A quarter of Census respondents said that the technology they were given to do their job was unsatisfactory. Expecting workers to do a good job and help grow an organisation without having access to the tools they need to do their job is incredibly counterproductive.

    The result is that workers are forced to work extra hours.

    To me it is crazy to think that workers can be expected to increase their productivity and grow organisation when they do not have the time or the infrastructure to do their job within normal hours.

    Employers need to invest in their workplaces, they need to give workers the tools to do their jobs properly.

    Employers also need to create workplace cultures that focus on effective and efficient practices rather than squeezing workers through unpaid overtime.

    Investment in new technology, innovation and research
    Australia has often been the world leader in innovation and the development of new technologies and this needs to continue if we are to have a strong economy that creates good jobs into the future.

    As mentioned in the ACTU Action Plan for Jobs, the $14.8 bill Clean Energy Future investment programs should be linked to Government policies to promote, research and development and job creation.

    Investment in industry
    Most importantly we need to invest in our industries. Industries need to be more strategic about workforce planning and management if there is to be sustainable jobs growth.

    Unions have long advocated for the development of tripartite industry plans which can bring together skills, workforce development, innovation, and other necessary responses to competitive pressures facing a sector.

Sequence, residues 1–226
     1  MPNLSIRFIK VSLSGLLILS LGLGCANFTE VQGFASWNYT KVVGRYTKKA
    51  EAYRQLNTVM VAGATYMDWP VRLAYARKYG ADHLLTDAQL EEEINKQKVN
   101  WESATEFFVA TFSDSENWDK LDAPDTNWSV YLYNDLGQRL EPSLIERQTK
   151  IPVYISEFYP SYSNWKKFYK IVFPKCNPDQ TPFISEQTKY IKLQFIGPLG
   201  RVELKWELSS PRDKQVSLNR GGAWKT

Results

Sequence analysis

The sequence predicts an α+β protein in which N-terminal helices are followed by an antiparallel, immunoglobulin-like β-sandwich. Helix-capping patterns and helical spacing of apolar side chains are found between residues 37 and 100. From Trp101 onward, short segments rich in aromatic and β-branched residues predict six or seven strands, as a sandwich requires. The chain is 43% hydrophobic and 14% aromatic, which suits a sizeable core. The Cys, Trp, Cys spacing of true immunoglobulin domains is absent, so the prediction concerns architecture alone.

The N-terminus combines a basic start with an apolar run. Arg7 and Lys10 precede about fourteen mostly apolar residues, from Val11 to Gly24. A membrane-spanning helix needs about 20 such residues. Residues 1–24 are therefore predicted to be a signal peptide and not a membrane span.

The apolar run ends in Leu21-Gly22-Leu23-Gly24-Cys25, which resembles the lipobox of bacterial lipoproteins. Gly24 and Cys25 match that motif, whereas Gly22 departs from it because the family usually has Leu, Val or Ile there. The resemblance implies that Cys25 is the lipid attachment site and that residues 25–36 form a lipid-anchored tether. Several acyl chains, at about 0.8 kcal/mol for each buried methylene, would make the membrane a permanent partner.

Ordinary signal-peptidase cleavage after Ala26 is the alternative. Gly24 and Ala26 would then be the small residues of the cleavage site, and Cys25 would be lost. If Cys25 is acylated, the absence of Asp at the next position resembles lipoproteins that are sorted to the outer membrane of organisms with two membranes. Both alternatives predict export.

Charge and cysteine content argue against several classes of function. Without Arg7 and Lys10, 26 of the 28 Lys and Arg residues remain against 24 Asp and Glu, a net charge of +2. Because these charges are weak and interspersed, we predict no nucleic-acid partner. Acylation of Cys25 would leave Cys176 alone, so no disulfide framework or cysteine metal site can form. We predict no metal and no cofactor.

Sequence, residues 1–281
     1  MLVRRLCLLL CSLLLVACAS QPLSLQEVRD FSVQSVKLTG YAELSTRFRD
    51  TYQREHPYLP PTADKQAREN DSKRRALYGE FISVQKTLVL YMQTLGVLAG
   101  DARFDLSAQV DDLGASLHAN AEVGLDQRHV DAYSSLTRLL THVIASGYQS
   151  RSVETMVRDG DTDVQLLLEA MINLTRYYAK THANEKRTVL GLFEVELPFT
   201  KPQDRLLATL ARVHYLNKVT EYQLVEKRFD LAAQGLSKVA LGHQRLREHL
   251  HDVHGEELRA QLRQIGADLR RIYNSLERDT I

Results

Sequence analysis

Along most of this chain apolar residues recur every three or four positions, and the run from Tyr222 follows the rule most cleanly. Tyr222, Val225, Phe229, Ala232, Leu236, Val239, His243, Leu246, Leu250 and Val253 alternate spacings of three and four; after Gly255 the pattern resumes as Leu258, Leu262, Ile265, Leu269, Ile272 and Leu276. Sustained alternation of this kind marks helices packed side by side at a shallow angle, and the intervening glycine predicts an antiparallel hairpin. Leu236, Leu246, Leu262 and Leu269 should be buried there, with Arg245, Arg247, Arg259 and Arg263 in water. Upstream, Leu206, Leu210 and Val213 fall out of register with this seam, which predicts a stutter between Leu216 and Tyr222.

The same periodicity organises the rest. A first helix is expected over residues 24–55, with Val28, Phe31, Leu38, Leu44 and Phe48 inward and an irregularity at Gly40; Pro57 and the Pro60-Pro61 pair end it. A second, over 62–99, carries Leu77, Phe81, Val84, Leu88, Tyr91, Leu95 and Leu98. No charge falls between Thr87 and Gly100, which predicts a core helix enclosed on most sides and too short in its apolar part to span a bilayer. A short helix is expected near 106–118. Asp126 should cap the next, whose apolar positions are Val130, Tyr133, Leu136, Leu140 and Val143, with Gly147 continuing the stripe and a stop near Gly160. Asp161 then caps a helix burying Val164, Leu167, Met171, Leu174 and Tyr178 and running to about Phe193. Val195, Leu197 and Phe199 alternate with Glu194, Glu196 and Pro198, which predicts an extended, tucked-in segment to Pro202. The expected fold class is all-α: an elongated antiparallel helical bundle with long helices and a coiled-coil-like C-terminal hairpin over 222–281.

Audit and independent review
    Government should commission an independent review, led by representatives from unions, employers and key government departments.

    This review should scope all levels of Australian government opportunities to promote jobs through procurement practices and expenditure.

    As part of its work the review should also audit the extent to which local trade-exposed industries currently benefit from public contracts.

    Recent jobs losses at Bluescope and elsewhere have put the focus on how we support and protect jobs in sectors facing competitive pressures. For unions, a critical part of any such response is the introduction of robust local content requirements to support local industries.

    The minimum local content should be defined by jobs created rather than money spent.

    As outlined in the ACTU Union Action Plan for Jobs there is also a strong role for government funding for public projects and services, including:

  • Government procurement
  • Industry best practice programs
  • The government also needs to ensure that companies invest in Australia, as outlined in the ACTU Action Plan for Jobs there are a number of ways this can be done:

    Procurement practices by private companies can be regulated to encourage investment in Australia.
    Reviewing the tax system to remove any incentives for companies to offshore, along with the introduction of ‘right to know legislation’, reviews of financial services and business service industries and leveraging the roll-out of the NBN

    Investment is the key to driving jobs growth in this nation, but the focus should not be on the creation of any jobs, but on the creation of good secure jobs. As it is only good secure jobs that will ensure a sustainable economic future for us all.

    Real people need to be placed back at the centre of the discussion about jobs and there needs to be a recognition that the race to the bottom on working conditions in search of profits is not a sustainable or remotely good long term plan.